United Grounds All Boeing 777s
Almost three years after the 737 MAX tragedies, the aircraft were cleared recently by the Federal Aviation Administration (FAA) for take-off. As a result, Boeing appeared to be regaining the trust of the federal government and the passengers of its planes. Unfortunately, this trust did not last long.
The Most Recent Boeing Incident
On Sunday, February 21st, an engine on a Boeing 777 failed. And this wasn’t a routine engine failure. In this case, the engine caught fire; the safety mechanisms to put out the flames failed; and debris from the broken engine crash landed on a person’s truck, narrowly missing their house.
Videos of the flaming engine, shot from inside the plane, as well as photos of the fallen scraps of metal soon went viral on Twitter and social media.
United Airlines quickly and voluntarily grounded all Boeing 777s.
Engine and Safety Mechanism Failure
The engine that failed is the the Pratt & Whitney 4000-112. This particular model features hollow fan blades and is used in 59 of the 69 variations of the Boeing 777. During the initial investigation, agents noticed many of the blades were damaged, and two were fractured within minutes of take-off.
This type of damage can occur due to a wide-range of possibilities. Although the damage to the blades could have been sustained by an impact (such as a bird), the investigators speculate that it’s more likely that this instance was caused by poor maintenance or old age, which raises many questions about the inspection and upkeep of aircraft.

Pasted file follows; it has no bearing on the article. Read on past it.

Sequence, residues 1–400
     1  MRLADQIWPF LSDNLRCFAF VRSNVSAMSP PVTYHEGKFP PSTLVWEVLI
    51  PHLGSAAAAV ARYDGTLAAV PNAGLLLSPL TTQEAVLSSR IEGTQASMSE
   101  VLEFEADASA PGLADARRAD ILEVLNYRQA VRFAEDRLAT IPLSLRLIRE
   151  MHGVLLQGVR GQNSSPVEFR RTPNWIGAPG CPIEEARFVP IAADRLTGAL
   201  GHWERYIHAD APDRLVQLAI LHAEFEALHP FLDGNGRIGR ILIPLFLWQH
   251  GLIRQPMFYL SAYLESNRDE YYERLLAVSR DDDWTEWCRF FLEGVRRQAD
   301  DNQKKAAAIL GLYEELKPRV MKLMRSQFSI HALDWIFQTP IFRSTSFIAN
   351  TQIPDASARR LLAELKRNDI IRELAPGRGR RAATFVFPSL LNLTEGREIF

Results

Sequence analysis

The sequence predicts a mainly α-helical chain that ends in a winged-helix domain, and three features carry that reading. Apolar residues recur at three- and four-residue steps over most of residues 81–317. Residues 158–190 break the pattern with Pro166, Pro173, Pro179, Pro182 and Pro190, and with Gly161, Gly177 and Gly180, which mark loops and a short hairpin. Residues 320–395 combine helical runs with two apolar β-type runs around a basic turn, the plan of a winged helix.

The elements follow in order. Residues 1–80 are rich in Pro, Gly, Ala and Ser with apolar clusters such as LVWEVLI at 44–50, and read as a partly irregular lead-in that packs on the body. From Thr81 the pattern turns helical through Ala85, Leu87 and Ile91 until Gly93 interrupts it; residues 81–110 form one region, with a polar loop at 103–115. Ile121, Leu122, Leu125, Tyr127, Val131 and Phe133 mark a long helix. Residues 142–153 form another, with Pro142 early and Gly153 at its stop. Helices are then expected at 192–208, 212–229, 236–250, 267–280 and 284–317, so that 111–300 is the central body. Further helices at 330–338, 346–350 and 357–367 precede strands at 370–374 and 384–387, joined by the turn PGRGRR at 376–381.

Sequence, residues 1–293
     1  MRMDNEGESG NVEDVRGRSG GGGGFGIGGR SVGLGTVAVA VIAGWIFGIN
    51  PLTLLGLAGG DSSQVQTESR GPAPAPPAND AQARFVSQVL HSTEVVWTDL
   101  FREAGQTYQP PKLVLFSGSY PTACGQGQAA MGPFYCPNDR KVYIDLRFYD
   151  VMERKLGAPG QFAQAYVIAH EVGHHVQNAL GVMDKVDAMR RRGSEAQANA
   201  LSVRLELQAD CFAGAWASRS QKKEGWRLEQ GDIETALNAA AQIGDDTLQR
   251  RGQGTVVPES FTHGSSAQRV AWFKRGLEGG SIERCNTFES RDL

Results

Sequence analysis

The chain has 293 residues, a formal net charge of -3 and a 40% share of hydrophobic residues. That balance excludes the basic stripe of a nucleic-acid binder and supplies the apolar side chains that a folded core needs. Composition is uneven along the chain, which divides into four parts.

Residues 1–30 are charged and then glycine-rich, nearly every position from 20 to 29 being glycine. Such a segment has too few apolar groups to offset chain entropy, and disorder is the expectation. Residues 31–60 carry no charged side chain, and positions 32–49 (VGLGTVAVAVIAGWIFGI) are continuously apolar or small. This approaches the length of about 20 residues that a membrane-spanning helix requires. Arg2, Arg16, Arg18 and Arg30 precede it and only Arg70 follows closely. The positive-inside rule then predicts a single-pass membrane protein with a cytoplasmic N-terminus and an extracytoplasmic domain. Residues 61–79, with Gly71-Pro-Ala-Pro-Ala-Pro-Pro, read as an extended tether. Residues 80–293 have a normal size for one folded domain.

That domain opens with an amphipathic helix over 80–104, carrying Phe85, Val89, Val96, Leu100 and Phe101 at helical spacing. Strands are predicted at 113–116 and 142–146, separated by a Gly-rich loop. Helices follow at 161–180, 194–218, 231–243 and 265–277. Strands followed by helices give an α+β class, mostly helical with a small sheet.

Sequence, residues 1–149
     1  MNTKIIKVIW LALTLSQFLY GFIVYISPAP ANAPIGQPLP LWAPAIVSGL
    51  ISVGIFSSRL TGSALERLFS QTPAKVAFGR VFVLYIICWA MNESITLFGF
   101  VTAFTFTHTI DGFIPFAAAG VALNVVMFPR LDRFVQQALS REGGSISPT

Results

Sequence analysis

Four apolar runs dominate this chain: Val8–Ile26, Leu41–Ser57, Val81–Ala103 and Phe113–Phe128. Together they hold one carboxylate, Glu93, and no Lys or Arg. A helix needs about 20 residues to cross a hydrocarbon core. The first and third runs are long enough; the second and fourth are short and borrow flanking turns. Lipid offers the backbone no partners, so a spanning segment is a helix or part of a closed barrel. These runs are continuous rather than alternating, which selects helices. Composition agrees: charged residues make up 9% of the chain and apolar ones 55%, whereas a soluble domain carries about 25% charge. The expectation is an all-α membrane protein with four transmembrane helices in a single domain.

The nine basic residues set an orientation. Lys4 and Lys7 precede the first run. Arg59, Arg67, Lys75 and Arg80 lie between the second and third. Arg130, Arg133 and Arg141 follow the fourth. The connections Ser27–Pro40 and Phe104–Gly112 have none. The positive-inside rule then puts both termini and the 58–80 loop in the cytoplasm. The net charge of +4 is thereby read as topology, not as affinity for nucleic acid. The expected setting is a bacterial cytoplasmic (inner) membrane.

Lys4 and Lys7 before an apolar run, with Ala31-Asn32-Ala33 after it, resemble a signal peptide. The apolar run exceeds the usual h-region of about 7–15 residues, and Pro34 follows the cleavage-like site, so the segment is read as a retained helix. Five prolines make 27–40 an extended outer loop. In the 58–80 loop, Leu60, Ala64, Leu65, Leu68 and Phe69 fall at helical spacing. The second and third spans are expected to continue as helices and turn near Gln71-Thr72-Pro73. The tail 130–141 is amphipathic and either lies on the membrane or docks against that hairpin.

This specific engine belonged to a Boeing 777 that has been in operation since 1995. Although aircraft are used for this long, this specific plane was FAA certified until 2022. The airplane would be permitted to fly for an additional year if the incident in question had not occurred.
Again, this raises more questions about when regulators should force an age of retirement for aircraft. While the FAA debates these issues, closer inspection processes will be implemented for 777s with Pratt & Whitney 4000-112.
In a statement issued by Steven Dickson, FAA Administrator, "Based on the initial information, we concluded that the inspection interval should be stepped up for the hollow fan blades that are unique to this model of engine, used solely on Boeing 777 airplanes."
As of writing, all major airlines in the United States have now retired their fleets of Boeing 777s.